NSO vs ISO: Key Differences for Startups

Issuing equity in a startup can be surprisingly complex. When discussing compensation, founders and employees often mention percentages, but they may not specify whether the equity is in the form of a stock grant or a stock option. Moreover, if it’s a stock option, they may not differentiate between an NSO and an ISO.

There are two forms of stock options for U.S. companies: incentive stock options (ISOs) and non-qualified stock options (NSOs). ISOs qualify for special tax treatment under the United States Internal Revenue Code whereas NSOs do not.

The differences between NSO and ISO may seem subtle to most founders, but they can have a profound impact. This article explains the distinction between the two and which is best for your situation. However, keep in mind that every company’s situation is unique, and it’s important to seek legal counsel to determine how this decision will affect your company and employees. If you need counsel, feel free to contact us here.

Taxation of ISOs and NSOs

If the grant is an NSO, the recipient pays federal income taxes on the difference between the fair market value (FMV) of the shares at exercise and the original exercise price, even though the employee has not sold any shares. On the other hand, if the grant is an ISO, there is no federal income tax due at exercise, only when those shares are sold.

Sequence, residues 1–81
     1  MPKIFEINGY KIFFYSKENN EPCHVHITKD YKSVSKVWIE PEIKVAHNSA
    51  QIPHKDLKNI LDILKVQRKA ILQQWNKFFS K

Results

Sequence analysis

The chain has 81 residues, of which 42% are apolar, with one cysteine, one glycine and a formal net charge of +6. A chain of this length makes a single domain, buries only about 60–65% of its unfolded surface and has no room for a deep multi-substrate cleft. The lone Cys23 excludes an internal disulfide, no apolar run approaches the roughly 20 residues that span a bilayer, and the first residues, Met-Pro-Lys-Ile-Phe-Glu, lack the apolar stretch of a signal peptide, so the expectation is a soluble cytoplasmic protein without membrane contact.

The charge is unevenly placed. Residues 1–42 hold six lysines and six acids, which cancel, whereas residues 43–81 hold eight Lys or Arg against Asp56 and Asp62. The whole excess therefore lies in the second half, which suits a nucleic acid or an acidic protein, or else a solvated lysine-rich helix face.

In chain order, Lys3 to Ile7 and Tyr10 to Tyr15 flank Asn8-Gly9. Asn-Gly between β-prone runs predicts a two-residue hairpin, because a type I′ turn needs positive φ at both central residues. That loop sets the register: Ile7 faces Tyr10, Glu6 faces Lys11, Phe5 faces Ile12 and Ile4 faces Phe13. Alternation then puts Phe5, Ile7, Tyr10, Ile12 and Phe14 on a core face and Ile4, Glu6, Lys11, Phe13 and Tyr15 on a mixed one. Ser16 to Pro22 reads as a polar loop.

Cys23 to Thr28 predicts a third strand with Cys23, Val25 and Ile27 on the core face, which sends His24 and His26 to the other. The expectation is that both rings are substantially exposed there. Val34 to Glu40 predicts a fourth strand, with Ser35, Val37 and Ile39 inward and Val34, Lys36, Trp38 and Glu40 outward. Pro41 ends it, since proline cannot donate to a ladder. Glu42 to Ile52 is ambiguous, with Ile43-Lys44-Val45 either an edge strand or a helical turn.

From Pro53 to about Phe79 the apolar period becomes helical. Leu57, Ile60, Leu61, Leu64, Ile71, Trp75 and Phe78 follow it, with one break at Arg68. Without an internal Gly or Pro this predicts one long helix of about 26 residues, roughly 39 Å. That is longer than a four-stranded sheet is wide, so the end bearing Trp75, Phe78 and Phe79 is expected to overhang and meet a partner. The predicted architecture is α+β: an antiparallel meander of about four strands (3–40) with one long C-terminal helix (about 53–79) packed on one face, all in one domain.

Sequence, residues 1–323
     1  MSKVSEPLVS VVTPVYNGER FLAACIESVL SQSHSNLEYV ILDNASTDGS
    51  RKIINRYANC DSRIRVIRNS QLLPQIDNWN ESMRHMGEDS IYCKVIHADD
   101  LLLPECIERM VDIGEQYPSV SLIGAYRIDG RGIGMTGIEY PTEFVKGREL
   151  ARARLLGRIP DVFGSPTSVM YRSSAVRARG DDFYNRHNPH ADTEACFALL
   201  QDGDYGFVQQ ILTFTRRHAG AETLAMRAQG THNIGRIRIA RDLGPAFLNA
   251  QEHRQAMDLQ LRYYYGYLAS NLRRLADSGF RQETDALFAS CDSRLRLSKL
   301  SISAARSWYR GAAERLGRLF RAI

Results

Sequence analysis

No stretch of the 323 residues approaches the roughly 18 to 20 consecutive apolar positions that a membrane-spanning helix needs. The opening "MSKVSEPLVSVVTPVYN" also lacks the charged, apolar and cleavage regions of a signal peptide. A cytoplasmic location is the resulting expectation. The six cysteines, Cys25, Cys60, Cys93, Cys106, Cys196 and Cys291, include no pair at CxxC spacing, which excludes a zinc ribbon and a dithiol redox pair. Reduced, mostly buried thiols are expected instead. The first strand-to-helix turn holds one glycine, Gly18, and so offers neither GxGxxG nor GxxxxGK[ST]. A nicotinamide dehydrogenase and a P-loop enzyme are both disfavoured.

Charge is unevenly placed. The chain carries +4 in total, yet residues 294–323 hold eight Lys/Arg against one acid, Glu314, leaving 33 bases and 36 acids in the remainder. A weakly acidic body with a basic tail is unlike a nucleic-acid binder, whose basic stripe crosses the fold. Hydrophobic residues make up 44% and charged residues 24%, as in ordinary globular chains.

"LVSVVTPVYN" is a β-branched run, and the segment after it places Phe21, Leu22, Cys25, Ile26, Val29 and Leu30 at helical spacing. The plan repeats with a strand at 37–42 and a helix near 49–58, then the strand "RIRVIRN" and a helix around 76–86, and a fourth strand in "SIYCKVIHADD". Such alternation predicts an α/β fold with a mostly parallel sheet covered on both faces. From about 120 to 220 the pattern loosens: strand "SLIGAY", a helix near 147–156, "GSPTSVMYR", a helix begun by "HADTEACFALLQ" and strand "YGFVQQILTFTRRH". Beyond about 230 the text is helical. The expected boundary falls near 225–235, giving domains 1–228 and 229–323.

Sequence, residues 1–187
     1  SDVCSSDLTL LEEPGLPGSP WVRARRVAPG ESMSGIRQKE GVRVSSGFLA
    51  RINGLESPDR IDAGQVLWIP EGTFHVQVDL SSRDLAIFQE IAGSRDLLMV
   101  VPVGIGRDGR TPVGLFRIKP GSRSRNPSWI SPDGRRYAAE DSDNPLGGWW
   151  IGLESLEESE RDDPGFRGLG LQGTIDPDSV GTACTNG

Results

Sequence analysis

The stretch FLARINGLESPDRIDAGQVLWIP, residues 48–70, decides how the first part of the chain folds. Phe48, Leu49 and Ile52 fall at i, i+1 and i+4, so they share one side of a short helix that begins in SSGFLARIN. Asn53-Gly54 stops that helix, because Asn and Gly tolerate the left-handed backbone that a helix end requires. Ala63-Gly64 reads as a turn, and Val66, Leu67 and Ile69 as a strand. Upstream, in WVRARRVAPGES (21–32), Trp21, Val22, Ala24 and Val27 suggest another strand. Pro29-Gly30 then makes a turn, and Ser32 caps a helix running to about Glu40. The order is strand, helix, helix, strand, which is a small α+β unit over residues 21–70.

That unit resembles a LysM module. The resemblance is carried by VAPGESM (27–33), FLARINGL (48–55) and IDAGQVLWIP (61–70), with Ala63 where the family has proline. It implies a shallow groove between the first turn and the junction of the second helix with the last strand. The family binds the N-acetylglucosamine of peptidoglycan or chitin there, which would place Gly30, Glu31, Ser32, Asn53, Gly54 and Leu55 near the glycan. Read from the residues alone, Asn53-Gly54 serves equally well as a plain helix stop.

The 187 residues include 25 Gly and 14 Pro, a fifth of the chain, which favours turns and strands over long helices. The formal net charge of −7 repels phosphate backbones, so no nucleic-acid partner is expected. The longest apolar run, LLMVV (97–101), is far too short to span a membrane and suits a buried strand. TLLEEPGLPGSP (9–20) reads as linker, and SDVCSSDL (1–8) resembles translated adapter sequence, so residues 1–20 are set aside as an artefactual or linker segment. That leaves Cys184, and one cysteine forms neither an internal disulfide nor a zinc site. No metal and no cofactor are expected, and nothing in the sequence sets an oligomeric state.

Let’s say you were issued a stock option for 1,000 shares at an exercise price of $0.01 / share, which was the FMV of the company’s stock on the date of the grant. The company is successful and, after subsequent rounds of funding, the stock price has increased to $1 / share. During the time you held the option, the value of the company has increased 100x. You feel pretty good about that, so you want to exercise your options and purchase shares in the company.

If your stock option was an NSO, then, at the point of exercise, you are taxed on the difference between the exercise price ($0.01) and the current fair market value ($1), sometimes called the “spread” or $0.99 / share. If you exercise all 1,000 shares, then you’re taxed on $99,000 of income just to exercise your option. So, even though you haven’t sold those shares and made any money, you are still paying taxes on $99,000 of ordinary income.